I wasn’t expecting her response: “Why would you say something so derogatory about yourself?”
She whispered, “You called yourself a Jew. That’s an awful word to use. It’s like saying n—–.”
“No, it’s not. I’m just saying that I’m Jewish.”
“They’re not the same. ‘Jewish’ is fine. ‘Jew’ is not. Really, I’m surprised you just said it out loud at work.”
I tried to explain that to say one is a Jew is not offensive in the slightest, but she was adamant.
At the time, I thought her misinterpretation of the word was a one-time aberration. But unfortunately, in the 24 years since, I’ve heard the word “Jew” — the simple noun that describes a person of my faith — used as a term of disparagement again and again.
It’s hurtful for such a negative slant to be attached to a word with so much positive meaning for me.
Each time I hear “Jew” used with contempt, it stings as though I’m hearing it for the first time. “Jew” is almost as personal to me as is my own name. It’s part of my identity. Use “Jew” as a defamatory word, and I feel like I’m under attack.
At its very beginnings, the word “Jew” was just a noun. It came from the Hebrew word Yehudi, which is derived from the name Judah, one of the patriarch Jacob’s sons. The word Judaism stems directly from Judah-ism, the religion of the Yehudim.
But for almost as long as there has been Judaism, there have been stereotypes about Jews. By the time the Christian heroes of Shakespeare’s “Merchant of Venice” referred to Shylock repeatedly as “the Jew,” there was no question that the word was a slur, not just a noun noting Shylock’s religion.
Perhaps the most indelible image of the word “Jew” branded in our collective memory is the tragic sight of the Jews of Nazi-occupied countries, forced to wear yellow Star of David badges that simply read “Jude”: German for Jew.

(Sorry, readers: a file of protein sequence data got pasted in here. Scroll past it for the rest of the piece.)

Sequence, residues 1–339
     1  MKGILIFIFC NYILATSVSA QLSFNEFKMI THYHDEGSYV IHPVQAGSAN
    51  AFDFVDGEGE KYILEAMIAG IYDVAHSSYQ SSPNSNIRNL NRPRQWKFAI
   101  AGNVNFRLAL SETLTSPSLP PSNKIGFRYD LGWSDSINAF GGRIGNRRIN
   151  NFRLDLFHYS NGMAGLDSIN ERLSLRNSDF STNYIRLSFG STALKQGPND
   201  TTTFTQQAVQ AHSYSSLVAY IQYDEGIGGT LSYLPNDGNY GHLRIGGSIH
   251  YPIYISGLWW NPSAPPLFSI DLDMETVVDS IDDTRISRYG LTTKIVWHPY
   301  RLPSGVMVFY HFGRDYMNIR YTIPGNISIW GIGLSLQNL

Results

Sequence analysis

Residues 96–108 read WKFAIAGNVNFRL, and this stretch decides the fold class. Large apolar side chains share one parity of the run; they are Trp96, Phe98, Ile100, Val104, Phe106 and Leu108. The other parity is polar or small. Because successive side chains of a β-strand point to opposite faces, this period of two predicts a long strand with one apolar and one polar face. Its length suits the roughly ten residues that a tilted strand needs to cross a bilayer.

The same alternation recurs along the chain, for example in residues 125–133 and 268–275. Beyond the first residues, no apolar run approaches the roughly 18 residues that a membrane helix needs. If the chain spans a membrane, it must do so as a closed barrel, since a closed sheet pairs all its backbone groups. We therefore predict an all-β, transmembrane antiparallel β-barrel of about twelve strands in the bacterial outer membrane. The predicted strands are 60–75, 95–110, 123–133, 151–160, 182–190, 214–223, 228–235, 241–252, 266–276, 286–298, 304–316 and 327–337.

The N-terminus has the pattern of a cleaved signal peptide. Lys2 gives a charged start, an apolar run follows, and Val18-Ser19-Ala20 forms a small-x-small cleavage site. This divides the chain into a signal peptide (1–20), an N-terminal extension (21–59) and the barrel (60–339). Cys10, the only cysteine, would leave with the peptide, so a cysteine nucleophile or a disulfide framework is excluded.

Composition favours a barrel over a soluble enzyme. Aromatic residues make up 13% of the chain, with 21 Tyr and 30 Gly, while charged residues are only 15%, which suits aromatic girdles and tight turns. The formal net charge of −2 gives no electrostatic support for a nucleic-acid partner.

The Nazis meant for the word for their religion alone to dehumanize and isolate these men, women and children. And decades after the defeat of the Nazis and the genocidal ideology they embraced, that choking negativity has clung stubbornly to the word on those yellow stars.
Today, “Jew” is used as a barb not just by the rare skinhead or white supremacist, but by well-meaning, often educated, people. I’ve been in social situations in which someone throws the word “Jew” at another when attempting to be funny, generally in connection with a stereotype involving finances. Both my daughters have heard children in their schools casually use the phrase “Jew him down,” meaning bargain, without seeming to recognize the very dated prejudice they carry forward when they use that phrase.
These jokes might seem inoffensive, but they are harmful nonetheless. Unless we do away with them, the underlying hostility will only continue on for generations.
My older daughter, a college sophomore, attended a sorority mixer with the Jewish fraternity on campus. The fraternity members handed out cute T-shirts emblazoned “Party with Jews” with a Star of David across the front. I thought the shirt was adorable, as did my daughter and her friends.
I showed a picture of it to a Jewish acquaintance, thinking she would agree. Instead, she took offense.
“I don’t like that it says ‘Jews’ on it. It sounds disrespectful,” she said.
“In what way is that disrespectful?”
“Because it says ‘Jews.’ To most people, that’s a put-down. It’s making fun of them for being Jewish.”
She is a teacher, as much as she is a Jew. I doubt she would take offense to a shirt saying, “Party with teachers.” The other nouns that describe our identities are not emotionally charged, and “Jew” should not be either.
I look forward to the day when we fully reclaim the word for our religion, so it is finally freed from the stain of years and years of casual, consistent antipathy.
When that day comes, I know what I’ll be doing: partying with Jews.
Susan Sommercamp is a writer in California. She previously wrote for Acts of Faith about raising one teen who is Jewish and one who is Christian.